Archive for January, 2009

Mobiles for Impoverishment?

15 January, 2009

By Richard Heeks

If you had to choose three words to sum up the future of ICT4D, they might well be “mobiles, mobiles, mobiles”. And the way to that future is being more clearly indicated as the promise of mobiles-for-development research comes to fruition; reflected, for example, in the recent 1st “m4d” international research conference.

But such research is starting to throw up some perplexing – even worrying – findings about mobiles. At its bluntest, such research suggests mobiles are doing more economic harm than good, and sometimes making poor people poorer. Let’s have a look:-

a) Kurt DeMaagd’s “Pervasive versus Productive” paper analyses country-level data on mobiles and national productivity as measured by GDP. He finds that, short-term, there is a negative association between investment in mobiles and GDP in developing countries, possibly because “mobiles represent a diversion of resources away from other productive uses”.

b) Kathleen Diga’s “Mobile Cell Phones and Poverty Reduction” dissertation (Ch.5) shows at the micro-level that some rural Ugandan households are sacrificing expenditure on purchased food (e.g. sugar, milk, flour) so they can pay for mobile airtime. This includes households that “admit to some days of hunger in order to maintain the mobile phone”. They are also diverting savings into mobile phone purchase and saving for airtime by foregoing attendance at social functions.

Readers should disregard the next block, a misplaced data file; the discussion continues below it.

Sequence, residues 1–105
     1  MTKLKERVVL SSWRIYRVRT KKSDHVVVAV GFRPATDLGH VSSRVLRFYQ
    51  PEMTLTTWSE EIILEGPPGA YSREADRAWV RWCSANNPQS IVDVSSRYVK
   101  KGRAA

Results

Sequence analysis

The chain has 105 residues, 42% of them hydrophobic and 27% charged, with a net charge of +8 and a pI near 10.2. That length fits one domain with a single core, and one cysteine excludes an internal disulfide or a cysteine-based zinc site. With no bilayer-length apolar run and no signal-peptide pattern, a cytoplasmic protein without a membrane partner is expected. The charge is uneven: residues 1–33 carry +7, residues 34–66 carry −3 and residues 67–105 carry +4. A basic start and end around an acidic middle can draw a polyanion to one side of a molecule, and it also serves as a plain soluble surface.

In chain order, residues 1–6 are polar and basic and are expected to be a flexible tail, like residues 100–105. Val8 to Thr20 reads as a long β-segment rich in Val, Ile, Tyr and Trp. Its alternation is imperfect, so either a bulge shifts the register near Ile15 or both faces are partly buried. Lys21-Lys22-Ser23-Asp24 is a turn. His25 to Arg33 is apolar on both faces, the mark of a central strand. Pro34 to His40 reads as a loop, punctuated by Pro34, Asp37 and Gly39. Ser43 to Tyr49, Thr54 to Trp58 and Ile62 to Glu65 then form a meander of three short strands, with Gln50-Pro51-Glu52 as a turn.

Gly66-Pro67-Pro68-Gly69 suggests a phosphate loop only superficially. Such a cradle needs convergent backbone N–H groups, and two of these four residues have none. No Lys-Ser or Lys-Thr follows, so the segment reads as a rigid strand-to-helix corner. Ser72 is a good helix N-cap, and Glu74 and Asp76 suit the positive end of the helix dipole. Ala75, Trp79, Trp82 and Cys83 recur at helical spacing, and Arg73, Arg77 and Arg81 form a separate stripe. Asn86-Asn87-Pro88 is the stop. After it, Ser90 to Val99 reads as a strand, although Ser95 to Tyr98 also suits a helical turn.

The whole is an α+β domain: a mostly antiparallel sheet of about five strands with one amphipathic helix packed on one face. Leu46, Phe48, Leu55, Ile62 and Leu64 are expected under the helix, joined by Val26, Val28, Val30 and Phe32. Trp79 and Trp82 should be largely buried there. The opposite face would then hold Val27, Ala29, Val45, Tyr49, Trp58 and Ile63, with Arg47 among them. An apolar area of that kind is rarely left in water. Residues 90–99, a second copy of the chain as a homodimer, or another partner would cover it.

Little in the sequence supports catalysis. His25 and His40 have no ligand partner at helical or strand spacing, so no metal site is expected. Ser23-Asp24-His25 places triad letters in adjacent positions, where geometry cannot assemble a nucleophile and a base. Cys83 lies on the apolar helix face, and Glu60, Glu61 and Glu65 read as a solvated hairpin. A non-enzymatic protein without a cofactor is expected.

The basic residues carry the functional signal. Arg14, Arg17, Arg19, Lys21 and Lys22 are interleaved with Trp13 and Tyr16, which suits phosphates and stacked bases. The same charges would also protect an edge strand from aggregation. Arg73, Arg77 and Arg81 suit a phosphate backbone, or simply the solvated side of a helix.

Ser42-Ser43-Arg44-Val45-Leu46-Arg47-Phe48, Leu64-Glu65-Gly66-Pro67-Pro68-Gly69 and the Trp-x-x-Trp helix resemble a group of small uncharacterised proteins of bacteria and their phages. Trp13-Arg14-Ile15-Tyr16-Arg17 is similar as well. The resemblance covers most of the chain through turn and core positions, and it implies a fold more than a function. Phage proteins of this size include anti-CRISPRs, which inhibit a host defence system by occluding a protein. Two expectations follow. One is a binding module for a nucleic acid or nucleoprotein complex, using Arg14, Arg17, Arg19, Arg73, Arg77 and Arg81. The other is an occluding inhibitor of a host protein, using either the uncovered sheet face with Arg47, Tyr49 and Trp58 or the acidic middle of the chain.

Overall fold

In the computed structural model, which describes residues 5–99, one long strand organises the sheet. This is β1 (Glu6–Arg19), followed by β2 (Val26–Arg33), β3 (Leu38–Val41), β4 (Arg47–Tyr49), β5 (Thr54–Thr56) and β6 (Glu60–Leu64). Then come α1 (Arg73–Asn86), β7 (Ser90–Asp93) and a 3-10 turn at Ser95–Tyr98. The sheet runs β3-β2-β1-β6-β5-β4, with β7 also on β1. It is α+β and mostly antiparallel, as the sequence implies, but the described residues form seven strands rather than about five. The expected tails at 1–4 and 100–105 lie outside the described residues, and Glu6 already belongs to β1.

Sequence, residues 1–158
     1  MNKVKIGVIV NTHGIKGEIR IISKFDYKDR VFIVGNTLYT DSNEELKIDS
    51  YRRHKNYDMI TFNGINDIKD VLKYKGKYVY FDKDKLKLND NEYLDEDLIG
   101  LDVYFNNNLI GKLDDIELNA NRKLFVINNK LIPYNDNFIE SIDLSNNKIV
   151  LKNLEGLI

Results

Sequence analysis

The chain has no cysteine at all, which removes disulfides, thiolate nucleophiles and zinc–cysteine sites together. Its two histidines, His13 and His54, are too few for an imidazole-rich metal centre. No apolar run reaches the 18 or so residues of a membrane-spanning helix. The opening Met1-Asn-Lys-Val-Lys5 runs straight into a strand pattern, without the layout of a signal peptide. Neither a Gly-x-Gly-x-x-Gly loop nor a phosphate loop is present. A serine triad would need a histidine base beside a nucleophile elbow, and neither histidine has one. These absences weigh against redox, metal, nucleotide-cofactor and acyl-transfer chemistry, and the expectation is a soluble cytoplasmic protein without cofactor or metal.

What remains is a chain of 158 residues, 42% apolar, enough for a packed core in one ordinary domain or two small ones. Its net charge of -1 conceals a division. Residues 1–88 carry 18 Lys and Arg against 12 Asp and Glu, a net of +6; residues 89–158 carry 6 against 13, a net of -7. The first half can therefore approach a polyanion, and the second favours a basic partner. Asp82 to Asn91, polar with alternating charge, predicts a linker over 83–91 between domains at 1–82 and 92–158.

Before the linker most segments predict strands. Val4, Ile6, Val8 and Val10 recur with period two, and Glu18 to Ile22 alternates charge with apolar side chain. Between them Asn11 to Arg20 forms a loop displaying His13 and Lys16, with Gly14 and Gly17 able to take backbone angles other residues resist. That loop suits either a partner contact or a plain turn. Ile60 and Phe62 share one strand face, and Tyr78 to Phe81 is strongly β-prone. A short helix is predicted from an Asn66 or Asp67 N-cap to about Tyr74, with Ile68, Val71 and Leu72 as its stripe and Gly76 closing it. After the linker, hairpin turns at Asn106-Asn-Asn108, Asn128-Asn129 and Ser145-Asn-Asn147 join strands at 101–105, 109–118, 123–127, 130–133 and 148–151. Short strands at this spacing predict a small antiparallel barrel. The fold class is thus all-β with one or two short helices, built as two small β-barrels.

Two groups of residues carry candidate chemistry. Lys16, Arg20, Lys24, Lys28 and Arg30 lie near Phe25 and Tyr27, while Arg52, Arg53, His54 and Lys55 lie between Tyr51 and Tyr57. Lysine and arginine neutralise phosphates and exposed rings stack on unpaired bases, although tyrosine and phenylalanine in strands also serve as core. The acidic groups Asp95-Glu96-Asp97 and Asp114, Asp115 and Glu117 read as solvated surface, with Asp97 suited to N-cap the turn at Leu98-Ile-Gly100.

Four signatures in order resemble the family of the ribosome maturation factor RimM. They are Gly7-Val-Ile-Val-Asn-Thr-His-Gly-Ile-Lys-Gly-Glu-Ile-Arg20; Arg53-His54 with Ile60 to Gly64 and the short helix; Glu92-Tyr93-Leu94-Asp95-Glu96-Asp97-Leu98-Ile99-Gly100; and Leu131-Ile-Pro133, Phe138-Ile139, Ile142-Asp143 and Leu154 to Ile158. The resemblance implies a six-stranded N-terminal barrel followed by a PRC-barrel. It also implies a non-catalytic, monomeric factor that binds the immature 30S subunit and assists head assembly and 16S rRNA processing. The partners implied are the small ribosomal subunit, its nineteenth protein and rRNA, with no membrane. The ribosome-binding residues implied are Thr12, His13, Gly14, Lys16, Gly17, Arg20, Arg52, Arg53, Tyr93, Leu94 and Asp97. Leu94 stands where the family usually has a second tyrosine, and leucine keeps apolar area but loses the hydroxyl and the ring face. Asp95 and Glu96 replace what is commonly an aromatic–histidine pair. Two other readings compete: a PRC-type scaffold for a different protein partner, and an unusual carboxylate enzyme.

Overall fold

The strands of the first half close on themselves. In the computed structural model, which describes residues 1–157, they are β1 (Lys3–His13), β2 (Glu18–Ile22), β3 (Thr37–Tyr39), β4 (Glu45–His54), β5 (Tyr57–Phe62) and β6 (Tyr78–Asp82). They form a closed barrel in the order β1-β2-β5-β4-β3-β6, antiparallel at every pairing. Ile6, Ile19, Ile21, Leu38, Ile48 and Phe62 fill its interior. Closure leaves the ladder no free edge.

c) Hosea Mpogole, Hidaya Usanga and Matti Tedre’s “Mobile Phones and Poverty Allevation” paper at the m4d conference researches mobile use in rural Tanzania. “48% of respondents reported that they sometimes substitute important needs (e.g. education, buying food, and clothes) for mobile phone ownership/usage”. Modal monthly costs of mobile phone maintenance and use were US$10-20: around 30% of respondents’ monthly income. And, in a digital variant on the workload of water-carrying in rural Africa, many respondents were undertaking 3-7 kilometer walks 2-3 times per week in order to recharge their mobile batteries.

Very interesting research. To which one might offer four responses. (more…)